The Greek Beanery
Literally translated, gigantes means “giant” and it’s probably the largest white bean you’ll ever see. Really large lima beans can be substituted but it’s worth it to seek out gigantes for the ultimate texture and flavor of the dish you’re preparing.
Gigantes Plaki (γίγαντες πλακί, pronounced YEE-yahn-dehs plah-KEE): These beans are baked in a thick, herbed tomato sauce and are buttery-tender to the bite.
Koukia are fava beans (or broad beans) that are used dried as well as fresh.
Anginares me Koukia (αγκινάρες με κουκιά, pronounced ah-ghee-NAH-rehs meh koo-KYAH): An artichoke and fava-bean (dried or fresh) dish that’s flavored with fresh dill and lemon. Young bean pods are tender so they can be used whole in this dish. When older, the beans are shelled and the inedible pods are discarded.
Fasolia are small to medium dried white beans similar to cannellini or Great Northern beans. When shopping at Greek markets, you’ll find them in two or three sizes. The one you choose is up to you. Just keep in mind that the larger the bean, the slightly longer the cooking time.
Fasolada (φασολάδα, pronounced fah-soh-LAH-thah): A hearty white-bean soup made with tomato, carrots, and celery. Serve with crusty bread.
Fakes are lentils. In Greece the lentils are very small and greenish-brown in color, and are available in the United States at Greek/Mediterranean markets. Why go of out of your way for these little lentils? Well, they cook faster than the common larger lentils, but more importantly, they’re extra tender and flavorful.
Fakes Soupa (φακές σούπα, pronounced fah-KEHS SOO-pah): This is lentil soup that can be made with carrots and/or a variety of vegetables, with or without olive oil (depending on whether or not you’re fasting), and always a zesty splash of vinegar.
Fava is yellow split peas, not to be confused with fava beans. The freshest, most flavorful fava can be found at Greek/Mediterranean markets. Supermarkets also carry them but a side-by-side taste test will show you that they’re not nearly as good as the Greek ones.
Fava (φάβα, pronounced FAH-vah): This is the classic bright yellow purée that was named after its main ingredient, fava. For Greeks, fava (split peas) and fava (puree) go hand in hand as one was born to create the other. Fava is easy to prepare and, once plated, is topped with red onion and drizzled with olive oil and lemon juice. It can be served as a meze with pita wedges, or as a main dish.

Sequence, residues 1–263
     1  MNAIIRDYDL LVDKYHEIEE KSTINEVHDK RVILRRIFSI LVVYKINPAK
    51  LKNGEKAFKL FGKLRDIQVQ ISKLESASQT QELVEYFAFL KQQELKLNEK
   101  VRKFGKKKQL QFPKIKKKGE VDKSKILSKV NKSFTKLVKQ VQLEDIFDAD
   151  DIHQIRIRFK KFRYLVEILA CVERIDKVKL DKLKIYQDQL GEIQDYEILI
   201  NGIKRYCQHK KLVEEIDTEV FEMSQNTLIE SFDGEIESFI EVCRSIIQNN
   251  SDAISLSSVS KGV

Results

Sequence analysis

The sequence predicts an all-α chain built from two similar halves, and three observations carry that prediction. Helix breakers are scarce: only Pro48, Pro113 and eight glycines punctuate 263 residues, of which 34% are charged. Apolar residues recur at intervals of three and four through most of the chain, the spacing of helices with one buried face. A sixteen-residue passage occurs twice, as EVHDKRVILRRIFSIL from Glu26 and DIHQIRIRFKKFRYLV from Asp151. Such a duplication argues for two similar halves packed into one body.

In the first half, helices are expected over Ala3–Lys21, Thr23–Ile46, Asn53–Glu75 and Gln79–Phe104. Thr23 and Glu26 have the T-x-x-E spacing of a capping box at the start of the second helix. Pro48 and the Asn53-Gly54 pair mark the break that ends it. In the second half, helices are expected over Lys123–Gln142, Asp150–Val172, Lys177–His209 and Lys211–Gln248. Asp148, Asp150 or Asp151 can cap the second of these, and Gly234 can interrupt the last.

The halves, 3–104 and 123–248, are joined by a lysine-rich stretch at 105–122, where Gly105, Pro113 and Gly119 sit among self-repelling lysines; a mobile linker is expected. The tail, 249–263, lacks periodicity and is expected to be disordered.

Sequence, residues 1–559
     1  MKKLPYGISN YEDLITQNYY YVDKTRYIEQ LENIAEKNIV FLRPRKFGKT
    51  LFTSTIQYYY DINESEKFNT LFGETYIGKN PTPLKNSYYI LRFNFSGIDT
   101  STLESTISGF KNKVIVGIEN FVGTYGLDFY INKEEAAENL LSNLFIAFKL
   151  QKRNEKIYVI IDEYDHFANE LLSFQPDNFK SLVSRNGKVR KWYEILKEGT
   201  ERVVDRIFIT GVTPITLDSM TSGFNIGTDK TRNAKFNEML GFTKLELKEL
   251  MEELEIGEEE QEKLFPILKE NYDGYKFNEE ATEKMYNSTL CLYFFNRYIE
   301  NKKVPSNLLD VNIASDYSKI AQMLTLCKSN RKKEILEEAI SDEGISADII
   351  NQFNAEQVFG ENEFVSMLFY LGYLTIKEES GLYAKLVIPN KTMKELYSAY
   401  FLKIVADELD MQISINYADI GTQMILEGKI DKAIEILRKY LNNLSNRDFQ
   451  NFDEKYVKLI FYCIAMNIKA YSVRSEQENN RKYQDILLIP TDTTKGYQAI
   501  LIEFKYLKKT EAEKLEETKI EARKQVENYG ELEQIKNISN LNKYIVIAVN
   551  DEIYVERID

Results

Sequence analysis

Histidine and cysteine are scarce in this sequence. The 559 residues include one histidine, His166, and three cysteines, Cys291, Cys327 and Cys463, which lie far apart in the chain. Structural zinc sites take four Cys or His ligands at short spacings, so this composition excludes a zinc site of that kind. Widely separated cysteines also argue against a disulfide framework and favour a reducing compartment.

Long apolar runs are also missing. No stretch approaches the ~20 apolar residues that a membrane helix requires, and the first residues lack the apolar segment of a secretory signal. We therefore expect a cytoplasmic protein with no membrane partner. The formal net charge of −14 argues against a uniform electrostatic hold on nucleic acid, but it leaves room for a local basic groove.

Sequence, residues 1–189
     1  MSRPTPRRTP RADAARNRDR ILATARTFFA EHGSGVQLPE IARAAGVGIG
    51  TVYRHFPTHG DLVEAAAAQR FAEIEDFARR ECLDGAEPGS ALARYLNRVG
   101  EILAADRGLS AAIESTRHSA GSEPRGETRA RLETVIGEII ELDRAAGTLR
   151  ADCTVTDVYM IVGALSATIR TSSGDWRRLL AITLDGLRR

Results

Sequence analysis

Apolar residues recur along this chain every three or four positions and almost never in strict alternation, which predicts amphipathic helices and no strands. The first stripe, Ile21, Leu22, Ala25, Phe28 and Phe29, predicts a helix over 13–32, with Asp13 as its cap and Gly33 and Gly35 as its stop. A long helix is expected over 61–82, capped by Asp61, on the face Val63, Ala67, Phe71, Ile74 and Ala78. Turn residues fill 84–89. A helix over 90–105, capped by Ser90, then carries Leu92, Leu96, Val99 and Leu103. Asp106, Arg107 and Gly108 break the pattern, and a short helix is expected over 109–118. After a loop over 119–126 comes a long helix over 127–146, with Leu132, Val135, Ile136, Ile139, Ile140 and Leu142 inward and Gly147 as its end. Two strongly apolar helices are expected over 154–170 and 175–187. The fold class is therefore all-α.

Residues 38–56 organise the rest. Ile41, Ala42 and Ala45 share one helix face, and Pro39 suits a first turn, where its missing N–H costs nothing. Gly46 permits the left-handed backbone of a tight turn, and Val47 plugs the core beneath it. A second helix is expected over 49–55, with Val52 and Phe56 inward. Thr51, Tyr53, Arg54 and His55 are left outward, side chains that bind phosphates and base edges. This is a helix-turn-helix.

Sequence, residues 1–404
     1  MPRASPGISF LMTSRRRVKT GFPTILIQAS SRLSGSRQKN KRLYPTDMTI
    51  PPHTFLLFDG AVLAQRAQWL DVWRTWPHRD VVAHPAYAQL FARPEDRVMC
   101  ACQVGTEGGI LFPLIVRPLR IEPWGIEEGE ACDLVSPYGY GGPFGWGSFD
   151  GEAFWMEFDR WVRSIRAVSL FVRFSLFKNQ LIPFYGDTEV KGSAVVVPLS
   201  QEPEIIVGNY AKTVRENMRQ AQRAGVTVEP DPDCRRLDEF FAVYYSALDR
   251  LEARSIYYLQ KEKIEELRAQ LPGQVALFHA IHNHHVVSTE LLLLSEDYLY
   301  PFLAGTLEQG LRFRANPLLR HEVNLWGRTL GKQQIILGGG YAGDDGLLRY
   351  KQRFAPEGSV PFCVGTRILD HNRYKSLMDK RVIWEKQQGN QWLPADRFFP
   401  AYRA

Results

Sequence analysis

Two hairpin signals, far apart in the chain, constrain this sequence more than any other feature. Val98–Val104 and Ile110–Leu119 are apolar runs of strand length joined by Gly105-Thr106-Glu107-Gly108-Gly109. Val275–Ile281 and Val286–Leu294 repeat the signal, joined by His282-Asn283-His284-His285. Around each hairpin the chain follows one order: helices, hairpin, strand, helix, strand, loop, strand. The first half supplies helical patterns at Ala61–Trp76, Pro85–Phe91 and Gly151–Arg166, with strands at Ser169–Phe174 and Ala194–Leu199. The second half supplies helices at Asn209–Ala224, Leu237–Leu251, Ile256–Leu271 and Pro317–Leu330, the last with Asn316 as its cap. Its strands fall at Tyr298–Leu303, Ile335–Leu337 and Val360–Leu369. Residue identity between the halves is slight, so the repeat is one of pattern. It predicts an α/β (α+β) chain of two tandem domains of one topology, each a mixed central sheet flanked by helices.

Revithia are chickpeas (also known as garbanzo beans) that are used in mezedes, soups, salads, stews, veggie side dishes, and main dishes.
Revithosalata (ρεβιθοσαλάτα, pronounced reh-vee-thoh-sah-LAH-tah): A chickpea salad made with red onion, chopped tomato, and herbs, and finished with a Greek lemon-and-olive oil dressing, plus an optional crumble of feta cheese when not fasting.
Houmous me Tahini (χούμους με ταχίνι, pronounced HOO-moos meh tah-HEE-nee): This is hummus made with tahini (roasted sesame seed paste) and is simple to make using a food processor. Homemade is much healthier than store-bought, with less fat and abundant chickpea flavor. Serve this dip/spread as a meze or side dish with pita wedges.
Fasolia Mavromatika (φασόλια μαυρομάτικα)
(pronounced fah-SOH-lee-ah mah-vroh-MAH-tee-kah)
Fasolia mavromatika are black-eyed peas. Considered a New Year’s Day good luck charm in the south, they’ll make you feel like you hit the jackpot when you savor them in Greek-style soups or stews.
Fasolia Mavromatika me Horta ke Maratho (φασόλια μαυρομάτικα με χόρτα και μάραθο, pronounced fah-SOH-lee-ah mah-vroh-MAH-tee-kah meh HOHR-tah keh MAH-rah-thoh): Black eyed pea soup gets a flavor boost from leafy greens and fresh fennel. Serve with warm crusty bread.
Fasolia Mavromatika me Loukaniko (φασόλια μαυρομάτικα με λουκάνικο, pronounced fah-SOH-lee-ah mah-vroh-MAH-tee-kah meh loo-KAH-nee-koh): When not fasting, this black-eyed pea soup with country sausage and greens is a delicious, hearty meal. It’s slow cooked to allow all the flavors to meld together and to make the beans creamy tender.
Got Greek beans?
The following in-store and online options will have you saying “YES”!
If you’re in the New York City area you can find these Greek legumes (and more) at the following markets (if you're out of the area, you can call them and ask them if they can ship to you.):
25-56 31st Street
Astoria, NY, 11102
Mediterranean Foods (2 locations)
22-78 35th Street
Astoria, NY 11105
30-12 34th Street
Astoria, NY 11103
If you don’t live near these markets but have a Greek Orthodox Church nearby, chances are they know of a Greek/Mediterranean shop in the area.
Online shopping is the next best thing (or maybe the first). Here’s where you can find Greek legumes, as well as other foods and items:
Greek International Food Market
I hope you enjoyed Legume Kouzina. These beans will be featured in recipes in our upcoming cookbook! Stay tuned for more uniquely Greek and Karpathian foods that you can add to your kouzina pantry.
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Kali orexi! Good appetite!
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